Thursday, 27 January 2022

It's not a seizure?

Thomas Coughlan is great on the rapid antigen test seizure fiasco.

After months of talking down RATS and blocking their import, the Government then over-restricted their use, while faffing its own order. Now, it appears the Government wants millions of the things, and instead of getting its own, it's "consolidating" them from the businesses that it was blocking from receiving the tests just months ago.

And on that "consolidation" malarky - at least some distributors are concerned the Government applied its significant market pressure to force manufacturers to drop smaller orders in favour of the Government's large order.

If this is the case, there is cause for concern.

The Government seems convinced the clear benevolence of the Covid response is an excuse for common thuggery - it is not.

Gangs seize the goods they want - Governments procure them. Ends do not justify means, especially not now. Don't be surprised if the Auditor-General decides to go sniffing.

We shouldn't be surprised if another few predictable things happen.

Other companies will have tests on order, queued up from the same suppliers, for later on. If any of them expect their goods to be 'consolidated' by a thuggish government, they'll cancel orders and seek refunds now rather than see their orders taken into some pool to be redistributed by the state. 

As consequence, the government had better, right now, order a hell of a lot more RATs than they'd bargained on needing. Because if they'd previously expected that private companies were going to be taking care of their own workers and that the government only needed to order in enough for the public health response, they've just screwed that all up. Those fearing their orders will just be 'consolidated' will be cancelling orders in favour of begging the government for tests. 

Another bit of fun. The Director General of Health was interviewed by Heather du Plessis-Allan yesterday. At the very start of the interview, DG Health Bloomfield provided an interjection in rebuttal to something du Plessis-Allan had said before the interview started. It was not in response to a question; it was volunteered. 

Bloomfield stated, "I have no powers to seize the assets or the testing capacity of private companies...."

You can find it here at 0.42.

Loyal readers will recall that, last year, the Ministry of Health pushed very hard for a broad set of powers. The requisitioning powers were very contentious. They featured in the Select Committee hearings and in the report from the Select Committee.

Section 11 of the revised Act specifies Orders that can be made under the Act.

Part (1) of Section 11 allows either the Minister or the DG Health to make orders for one or more of a list of purposes.

Part (1)(g) reads as follows:

(g) requiring the owner or any person in charge of a specified laboratory that undertakes COVID-19 testing to—

(i) deliver or use, in accordance with directions given under the order, specified quantities of COVID-19 testing consumables that the Minister considers necessary for the purposes of the public health response to COVID-19:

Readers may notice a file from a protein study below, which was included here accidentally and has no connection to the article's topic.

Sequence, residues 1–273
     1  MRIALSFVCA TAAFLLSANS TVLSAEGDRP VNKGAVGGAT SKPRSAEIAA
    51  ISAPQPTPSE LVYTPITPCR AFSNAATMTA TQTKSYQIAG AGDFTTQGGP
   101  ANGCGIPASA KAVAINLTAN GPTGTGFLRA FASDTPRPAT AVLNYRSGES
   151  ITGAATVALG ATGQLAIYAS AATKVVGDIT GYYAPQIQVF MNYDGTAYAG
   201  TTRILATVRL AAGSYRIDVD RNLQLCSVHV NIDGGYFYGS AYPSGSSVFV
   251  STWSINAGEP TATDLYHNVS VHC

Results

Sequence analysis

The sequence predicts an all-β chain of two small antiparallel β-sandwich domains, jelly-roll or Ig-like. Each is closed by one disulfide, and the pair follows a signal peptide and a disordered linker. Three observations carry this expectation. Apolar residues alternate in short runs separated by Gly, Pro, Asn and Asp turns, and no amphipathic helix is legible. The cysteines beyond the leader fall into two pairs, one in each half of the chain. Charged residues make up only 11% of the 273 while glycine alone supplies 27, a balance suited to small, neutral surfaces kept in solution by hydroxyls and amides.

(ii) undertake COVID-19 testing solely for the purposes of the public health response to COVID-19 while subject to the order, whether or not the laboratory is contracted by the Crown for that purpose.

So (1)(g)(i) allows the Director General of Health to require labs to deliver testing consumables that the Minister considers necessary. 

And (1)(g)(ii) allows DG Health to require labs to undertake testing only as part of the public health response - the testing capacity of the private labs, whether or not they are already under contract with the Crown.

It is ...difficult... to reconcile DG Health's assertion about his powers with the powers that his Ministry pushed for him to have only a few months ago. 

One could be charitable and assume that he forgot that his Ministry sought for him to have these powers, but remember that he provided this as volunteered interjection - not in response to a question. 

On a direct question, someone who doesn't think they have those powers might mistakenly volunteer that they don't think they do. 

Interjection suggests either a strong belief that he does not have those powers, which is odd since he just got those powers and they were very controversial, or that there is some nicety between "seize" and the way the Act is written. 

Tuesday, 25 January 2022

I hate to say I told you so, but well

This week's column in the Stuff newspapers went through a few things that should have been obvious but only seemed to be recognised the next day.

I wrote:

The country’s Covid testing system is likely to fall apart, quickly, when case numbers rise.

Testing labs can bundle five to ten samples together for testing. If none are positive, all is fine.

If the pooled sample is positive, individual samples need separate re-testing. When positivity rates are low, the system works well. But when positivity rates are high, pooled sampling stops working. Testing capacity drops to a small fraction of what it had been, just when it is most needed.

Headline figures on testing capacity may be more than a little optimistic. Contracting now for greater capacity, focusing on the saliva-based PCR testing (which identifies genetic material from the virus) that catches Omicron cases earlier, matters.

Hopefully it is not too late.

...